In Part I of this blog series, I shared some general information on how your pelvic floor plays a role in running, and introduced a strategy (as taught by Julie Wiebe) to prevent leaking when you run. In this blog, I’ll be presenting seven exercises that runners can do to improve pelvic floor function.

As previously discussed, your pelvic floor muscles not only keep you from leaking; they also play a major role in creating core stability. When you exhale and engage your pelvic floor, your transversus abdominus automatically turns on. Your diaphragm, pelvic floor and TA work together to create tension and prevent unnecessary movement at your torso and pelvis when you run– both when you inhale and exhale.

The goal is not to intentionally exhale and squeeze your pelvic floor muscles while you run. (Can you imagine how exhausting that would be?!) The goal is to breathe with your diaphragm and run with good alignment. When you do this, your deep core muscles respond automatically to your breath and can do their job effectively.

That is, if your pelvic floor and TA are not dysfunctional. But what if they are? If you already have dysfunction in your deep core (indicated by leaking, pelvic pain, diastasis recti, and possibly other less obvious symptoms), in addition to addressing your running form and breathing, you will likely need to do some specific work to undo the effects of any bad patterns you’ve established, and get your core muscles working properly.

The following exercises will help you do this. I highly, highly recommend that you also see a women’s health/pelvic floor physical therapist if you are experiencing any symptoms of pelvic floor dysfunction. Also, check out Julie Wiebe’s website for additional resources.







Diaphragmatic breathing with pelvic floor contraction:

  1. Lie on your back and bolster your head and shoulders with a pillow or stack of folded blankets (not shown). Inhale through your nose to let your belly expand. Your ribcage should expand laterally, like an umbrella opening.
  2. Exhale through pursed lips as you engage your pelvic floor (imagine you are picking up a small bean with your vagina). You should feel your belly draw inward, like an umbrella closing.
  3.  Repeat 10 times.

Supine heel slides

  1. Lie on your back with head and shoulders elevated. Bring your knees to a tabletop position, maintaining your neutral spine. Don’t flatten out or excessively arch your back.
  2. Inhale and allow your belly and ribcage to expand.
  3. Exhale and lift your pelvic floor, then extend your right leg forward, allowing your right heel to hover above the ground. Continuing to exhale and stay engaged, return your leg to tabletop. Maintain a neutral spine throughout the entire movement.
  4. Once back in tabletop, inhale and relax your pelvic floor.
  5. Repeat on the left side. Alternate sides for a total of 10 repetitions. NOTE: If you find yourself unable to perform this exercise in good form (back arches, belly pushes outward), start by practicing heel slides with one foot on the ground.






All 4s Rocking

  1. Start on your hands and knees in a neutral spine (don’t tuck your butt, maintain a slight curve at your lower back).
  2. Inhale as you send your hips backward, making sure not to tuck your butt under.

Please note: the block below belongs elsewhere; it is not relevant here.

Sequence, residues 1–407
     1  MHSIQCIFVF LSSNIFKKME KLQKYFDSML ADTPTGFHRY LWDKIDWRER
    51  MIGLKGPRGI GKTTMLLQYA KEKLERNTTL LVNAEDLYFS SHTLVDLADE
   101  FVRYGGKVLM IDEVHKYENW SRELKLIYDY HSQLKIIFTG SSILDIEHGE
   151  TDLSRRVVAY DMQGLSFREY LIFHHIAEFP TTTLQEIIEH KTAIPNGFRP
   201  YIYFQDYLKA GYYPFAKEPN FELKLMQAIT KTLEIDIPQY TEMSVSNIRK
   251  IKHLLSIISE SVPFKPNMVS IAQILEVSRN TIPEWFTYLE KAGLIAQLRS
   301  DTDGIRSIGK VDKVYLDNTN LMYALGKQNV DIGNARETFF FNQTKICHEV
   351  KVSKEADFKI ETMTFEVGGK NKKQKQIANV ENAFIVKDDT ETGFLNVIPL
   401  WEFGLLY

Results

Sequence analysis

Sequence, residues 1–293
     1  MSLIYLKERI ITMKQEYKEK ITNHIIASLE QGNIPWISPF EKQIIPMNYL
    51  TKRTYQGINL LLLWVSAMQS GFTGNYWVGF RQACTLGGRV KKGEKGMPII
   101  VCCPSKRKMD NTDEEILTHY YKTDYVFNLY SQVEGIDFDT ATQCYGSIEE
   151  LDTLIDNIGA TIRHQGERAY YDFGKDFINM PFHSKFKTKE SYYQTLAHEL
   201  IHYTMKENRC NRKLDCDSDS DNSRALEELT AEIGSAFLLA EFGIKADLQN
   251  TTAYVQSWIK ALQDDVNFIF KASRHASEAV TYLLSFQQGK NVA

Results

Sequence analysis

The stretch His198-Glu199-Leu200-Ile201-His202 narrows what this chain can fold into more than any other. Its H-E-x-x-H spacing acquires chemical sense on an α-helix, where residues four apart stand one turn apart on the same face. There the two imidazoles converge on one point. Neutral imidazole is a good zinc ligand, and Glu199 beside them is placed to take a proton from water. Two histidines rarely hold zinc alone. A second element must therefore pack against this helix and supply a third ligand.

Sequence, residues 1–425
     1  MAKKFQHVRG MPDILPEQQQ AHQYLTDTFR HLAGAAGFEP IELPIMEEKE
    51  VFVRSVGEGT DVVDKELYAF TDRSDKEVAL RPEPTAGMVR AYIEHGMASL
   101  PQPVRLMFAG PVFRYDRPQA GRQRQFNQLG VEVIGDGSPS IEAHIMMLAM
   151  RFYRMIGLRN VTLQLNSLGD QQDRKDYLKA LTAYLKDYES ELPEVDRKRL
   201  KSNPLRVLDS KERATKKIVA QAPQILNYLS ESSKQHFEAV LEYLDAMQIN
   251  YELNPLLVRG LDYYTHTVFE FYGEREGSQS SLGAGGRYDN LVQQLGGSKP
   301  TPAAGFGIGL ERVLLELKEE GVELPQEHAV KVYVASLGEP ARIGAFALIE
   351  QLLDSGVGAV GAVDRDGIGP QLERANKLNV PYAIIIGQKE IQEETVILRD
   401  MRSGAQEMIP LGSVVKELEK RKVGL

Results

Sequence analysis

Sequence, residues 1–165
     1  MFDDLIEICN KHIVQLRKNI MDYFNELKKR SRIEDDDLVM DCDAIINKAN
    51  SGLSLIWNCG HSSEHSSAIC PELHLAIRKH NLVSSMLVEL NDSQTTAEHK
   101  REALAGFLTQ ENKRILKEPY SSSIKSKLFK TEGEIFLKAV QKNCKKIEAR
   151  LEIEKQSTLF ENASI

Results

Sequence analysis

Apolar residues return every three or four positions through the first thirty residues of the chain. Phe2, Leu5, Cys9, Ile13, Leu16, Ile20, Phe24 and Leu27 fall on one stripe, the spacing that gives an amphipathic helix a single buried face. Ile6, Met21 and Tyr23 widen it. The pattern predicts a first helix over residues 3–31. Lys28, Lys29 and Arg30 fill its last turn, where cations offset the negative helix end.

3. Then, exhale and lift your pelvic floor. Continuing to exhale and stay engaged, send your shoulders forward, maintaining a neutral spine.
  4. Repeat 5-8 times.


  1. Stand with your feet at about hip width. Inhale and relax your pelvic floor as you push your hips back and bend your knees to lower into a squat, keeping weight in heels and knees aligned with your middle toes.
  2. At the bottom of your squat, exhale and lift your pelvic floor. Continuing to exhale, drive your heels into the ground and rise to standing.
  3. Repeat 10 times.







  1. Place a light resistance band around both legs, just above your knees. Lie on your side with knees bent, hips stacked and feet pressed together. Shoulders hips and feet should align. Stick your butt out slightly.
  2. Exhale and lift your pelvic floor. Continue to exhale and stay engaged as you lift your top knee, keeping your feet pressed together.
  3. Inhale and relax your pelvic floor as you return your knee to the starting position.
  4. Repeat 15 times. Switch sides.

Sliding lateral lunges

  1. Stand with feet at hip width and place your left foot on a small towel (for wood floors) or paper plate (for carpet). Shift your weight into your right foot.
  2. Inhale as you begin to push your right hip backward and bend your right knee, keeping your foot, knee and hip aligned. Simultaneously slide your left foot to the side, keeping your left leg straight. Keep your weight in the midfoot to heel of your right foot.
  3. Exhale and lift your pelvic floor. Then drive through your right heel and begin to extend your right leg as you return to standing, simultaneously sliding your left foot back to the starting position. You should feel this mostly in your right glute.
  4. Repeat 10-12 times. Then switch sides.

 Plank with donkey kick

  1. Start in a plank position on your hands, with feet at hip width. Lift your right foot off the ground and inhale as draw your knee in toward your chest. Avoid tucking your tailbone.
  2. Exhale and lift your pelvic floor, then extend your right hip to “kick” yourself in the butt. Keep your knee bent and foot flexed.
  3. Inhale as you draw your knee back in. Repeat 5-8 times. Rest, then switch sides.